“That last game in Dundee, it became a nothing game.  Comets won the game, but we had to take it back to our rink.  At that time, nobody realised the world would end up the way it did.

“Knowing the top professional league had stopped at that time, there was a sense of inevitability that you would as well. Looking back, that game should never have gone ahead.”

Pirates had announced a partnership with Glasgow Clan last year, but the year away hasn’t quite seen any plans for that come into fruition.

However Turley was enthused when he spoke about the new partnership they’ve developed with junior ice hockey side, Lanarkshire Lightning, who play out of The Time Capsule rink in Coatbridge, near Motherwell.

He also revealed that working relationship has also yielded its first product, with 17-year-old Ollie King joining the Pirates for the new season.

Teenager Ollie King has joined the Pirates from Lanarkshire Lightning, where the clubs are sharing a partnership (PHOTO: Courtesy of Paisley Pirates)

“We’ve had a partnership with Lightning for a while now and it’s always been more of an informal exchange,” Turley said.  “We get on really well and they have some really good people involved there who are friends of mine.

“Over the years, it’s strengthened and we agreed to do something more official as we went on.  We don’t have a junior development programme as such so tying in with them, it was something Adam Walker, my co-coach, and I were keen to set up.

“They have a great structure there and we’ve just signed one of the kids who have come through their system.  Ollie’s signing is a really big thing for us and we want to make a big deal of it.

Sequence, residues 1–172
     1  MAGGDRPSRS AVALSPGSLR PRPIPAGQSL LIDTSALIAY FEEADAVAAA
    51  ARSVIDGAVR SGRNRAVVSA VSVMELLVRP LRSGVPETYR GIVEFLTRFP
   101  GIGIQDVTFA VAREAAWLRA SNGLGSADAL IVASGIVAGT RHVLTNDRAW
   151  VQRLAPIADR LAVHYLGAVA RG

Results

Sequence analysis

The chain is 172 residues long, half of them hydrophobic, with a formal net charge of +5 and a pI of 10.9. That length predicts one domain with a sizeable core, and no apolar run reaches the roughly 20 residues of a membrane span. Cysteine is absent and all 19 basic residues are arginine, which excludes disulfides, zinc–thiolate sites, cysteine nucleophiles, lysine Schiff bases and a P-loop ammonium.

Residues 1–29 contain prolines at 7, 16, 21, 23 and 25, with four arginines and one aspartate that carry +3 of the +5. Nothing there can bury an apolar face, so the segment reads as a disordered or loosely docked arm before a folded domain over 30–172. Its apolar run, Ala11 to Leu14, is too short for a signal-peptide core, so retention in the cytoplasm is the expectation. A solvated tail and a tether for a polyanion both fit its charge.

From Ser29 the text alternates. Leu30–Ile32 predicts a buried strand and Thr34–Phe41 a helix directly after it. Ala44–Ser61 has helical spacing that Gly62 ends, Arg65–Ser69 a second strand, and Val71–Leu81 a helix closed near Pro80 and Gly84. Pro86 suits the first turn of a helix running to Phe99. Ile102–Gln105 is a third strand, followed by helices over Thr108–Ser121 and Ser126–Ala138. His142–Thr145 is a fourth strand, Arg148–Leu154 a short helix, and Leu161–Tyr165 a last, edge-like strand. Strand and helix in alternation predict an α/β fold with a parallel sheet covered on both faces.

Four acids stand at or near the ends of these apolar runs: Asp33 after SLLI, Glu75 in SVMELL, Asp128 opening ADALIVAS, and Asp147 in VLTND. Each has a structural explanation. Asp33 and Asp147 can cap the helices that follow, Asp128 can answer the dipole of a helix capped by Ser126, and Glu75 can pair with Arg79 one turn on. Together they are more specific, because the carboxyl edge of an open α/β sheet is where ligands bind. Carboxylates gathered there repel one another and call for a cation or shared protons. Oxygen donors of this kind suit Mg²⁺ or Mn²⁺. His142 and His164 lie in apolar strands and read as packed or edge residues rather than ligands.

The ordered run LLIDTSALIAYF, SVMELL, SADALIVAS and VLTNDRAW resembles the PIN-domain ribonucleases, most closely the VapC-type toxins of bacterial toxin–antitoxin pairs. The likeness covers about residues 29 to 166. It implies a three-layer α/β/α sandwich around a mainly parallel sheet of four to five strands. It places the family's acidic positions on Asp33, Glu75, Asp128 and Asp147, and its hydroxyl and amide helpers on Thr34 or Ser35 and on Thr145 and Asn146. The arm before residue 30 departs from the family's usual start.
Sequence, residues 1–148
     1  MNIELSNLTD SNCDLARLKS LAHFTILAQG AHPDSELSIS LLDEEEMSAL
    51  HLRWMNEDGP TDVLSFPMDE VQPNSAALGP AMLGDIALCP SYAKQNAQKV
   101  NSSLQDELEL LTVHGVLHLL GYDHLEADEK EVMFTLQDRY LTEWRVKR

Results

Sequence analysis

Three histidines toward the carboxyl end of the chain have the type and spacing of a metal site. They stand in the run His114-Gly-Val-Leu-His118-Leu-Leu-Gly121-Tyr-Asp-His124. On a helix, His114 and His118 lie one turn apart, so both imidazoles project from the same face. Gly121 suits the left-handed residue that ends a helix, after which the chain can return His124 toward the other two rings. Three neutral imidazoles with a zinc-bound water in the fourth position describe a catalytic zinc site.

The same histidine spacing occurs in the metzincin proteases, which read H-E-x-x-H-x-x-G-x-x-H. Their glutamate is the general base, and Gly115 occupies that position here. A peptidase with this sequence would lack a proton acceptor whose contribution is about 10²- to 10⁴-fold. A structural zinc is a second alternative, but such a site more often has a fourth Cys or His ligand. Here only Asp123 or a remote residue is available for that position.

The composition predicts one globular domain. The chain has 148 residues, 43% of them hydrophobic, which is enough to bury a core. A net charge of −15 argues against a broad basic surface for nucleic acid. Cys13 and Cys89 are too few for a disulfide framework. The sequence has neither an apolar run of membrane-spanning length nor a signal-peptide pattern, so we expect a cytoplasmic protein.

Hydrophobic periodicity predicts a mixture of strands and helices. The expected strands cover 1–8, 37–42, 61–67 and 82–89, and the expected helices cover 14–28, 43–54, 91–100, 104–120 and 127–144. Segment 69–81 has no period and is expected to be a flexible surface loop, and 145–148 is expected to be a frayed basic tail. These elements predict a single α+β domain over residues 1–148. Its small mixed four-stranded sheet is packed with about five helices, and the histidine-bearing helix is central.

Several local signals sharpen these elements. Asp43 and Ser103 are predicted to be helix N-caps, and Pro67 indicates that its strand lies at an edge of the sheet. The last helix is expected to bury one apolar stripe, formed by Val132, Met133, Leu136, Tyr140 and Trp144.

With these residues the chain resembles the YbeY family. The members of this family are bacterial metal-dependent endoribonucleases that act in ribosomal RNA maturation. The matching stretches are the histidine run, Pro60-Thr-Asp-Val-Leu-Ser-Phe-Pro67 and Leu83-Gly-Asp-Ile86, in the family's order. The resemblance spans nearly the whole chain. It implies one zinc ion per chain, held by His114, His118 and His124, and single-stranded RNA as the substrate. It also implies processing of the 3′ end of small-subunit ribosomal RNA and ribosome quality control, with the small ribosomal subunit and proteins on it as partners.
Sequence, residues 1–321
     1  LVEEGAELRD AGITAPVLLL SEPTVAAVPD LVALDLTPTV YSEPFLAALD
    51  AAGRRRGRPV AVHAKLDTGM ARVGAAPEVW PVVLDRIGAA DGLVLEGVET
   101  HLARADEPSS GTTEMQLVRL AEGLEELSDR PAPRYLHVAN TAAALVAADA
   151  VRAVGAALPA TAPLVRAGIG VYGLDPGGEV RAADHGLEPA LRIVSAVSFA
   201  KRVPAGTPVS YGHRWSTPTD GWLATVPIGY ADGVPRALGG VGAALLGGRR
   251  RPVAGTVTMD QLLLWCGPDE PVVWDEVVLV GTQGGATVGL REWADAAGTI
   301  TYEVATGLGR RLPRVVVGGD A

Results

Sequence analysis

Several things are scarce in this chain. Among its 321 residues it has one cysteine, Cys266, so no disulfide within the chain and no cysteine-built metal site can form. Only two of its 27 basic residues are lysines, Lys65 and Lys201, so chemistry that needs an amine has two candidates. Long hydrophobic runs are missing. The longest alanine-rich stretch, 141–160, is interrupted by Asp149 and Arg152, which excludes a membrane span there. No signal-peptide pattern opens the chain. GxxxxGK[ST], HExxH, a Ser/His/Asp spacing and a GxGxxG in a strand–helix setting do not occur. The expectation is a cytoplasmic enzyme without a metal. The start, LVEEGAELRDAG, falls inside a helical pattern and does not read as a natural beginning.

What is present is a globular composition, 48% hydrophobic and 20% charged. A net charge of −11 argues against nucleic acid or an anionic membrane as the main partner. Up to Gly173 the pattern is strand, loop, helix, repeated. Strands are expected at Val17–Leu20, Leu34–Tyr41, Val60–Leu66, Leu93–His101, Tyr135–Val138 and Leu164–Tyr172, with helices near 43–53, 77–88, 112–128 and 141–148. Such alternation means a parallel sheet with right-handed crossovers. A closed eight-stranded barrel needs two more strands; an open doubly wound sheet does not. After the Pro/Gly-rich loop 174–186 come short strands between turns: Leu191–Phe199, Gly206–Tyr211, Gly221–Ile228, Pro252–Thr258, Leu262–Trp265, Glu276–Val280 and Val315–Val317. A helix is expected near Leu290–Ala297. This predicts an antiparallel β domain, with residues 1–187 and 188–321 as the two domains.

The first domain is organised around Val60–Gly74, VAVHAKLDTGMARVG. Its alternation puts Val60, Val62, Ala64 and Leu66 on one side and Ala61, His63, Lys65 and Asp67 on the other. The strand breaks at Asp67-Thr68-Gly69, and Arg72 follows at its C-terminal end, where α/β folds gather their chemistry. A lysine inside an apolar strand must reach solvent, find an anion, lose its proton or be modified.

“I think by signing him, it shows the direction we’re now going in as a club.  It’s a cliche, but we’re working on a few things where there’s a gap in the West of Scotland that needs to be bridged.

“It’s a sleeping giant, where the arena is and there’s a massive opportunity there.  We’re pleased in the direction its going in and we want to create an environment for kids to come through.”

While the Pirates still wait to hear what their fixtures will be in the SNL next season, there’s no doubting the excitement in Turley as we spoke and you get the sense he can’t wait for the schedule to come out.

Turley believes Pirates are in the best place they’ve been in a decade (PHOTO: Al Goold)

In the meantime, it’s all about preparation and he admitted that after so long, a recent return to the ice reinvigorated his love for the game and made him realise how much he had missed ice hockey.

“I’m excited for this season and it feels like we’re starting again,” he said. “How it’ll be, I don’t know with certain restrictions still in place and we don’t know how that will impact teams on certain nights.

“We’re back up and running and we’re super excited to be back in business.

“Being away for so long, as we have, you devote your time to other things and I’ve got a young family so I was spending more time with them, which was great.

“I was involved with GB Under 16s and it wasn’t until I stepped on to the ice that it hit me that I’d missed it so much, being away from it.

“It was a bit like out of sight, out of mind and in that moment, it finally felt like we were back.  I’ll be honest, it felt really good.”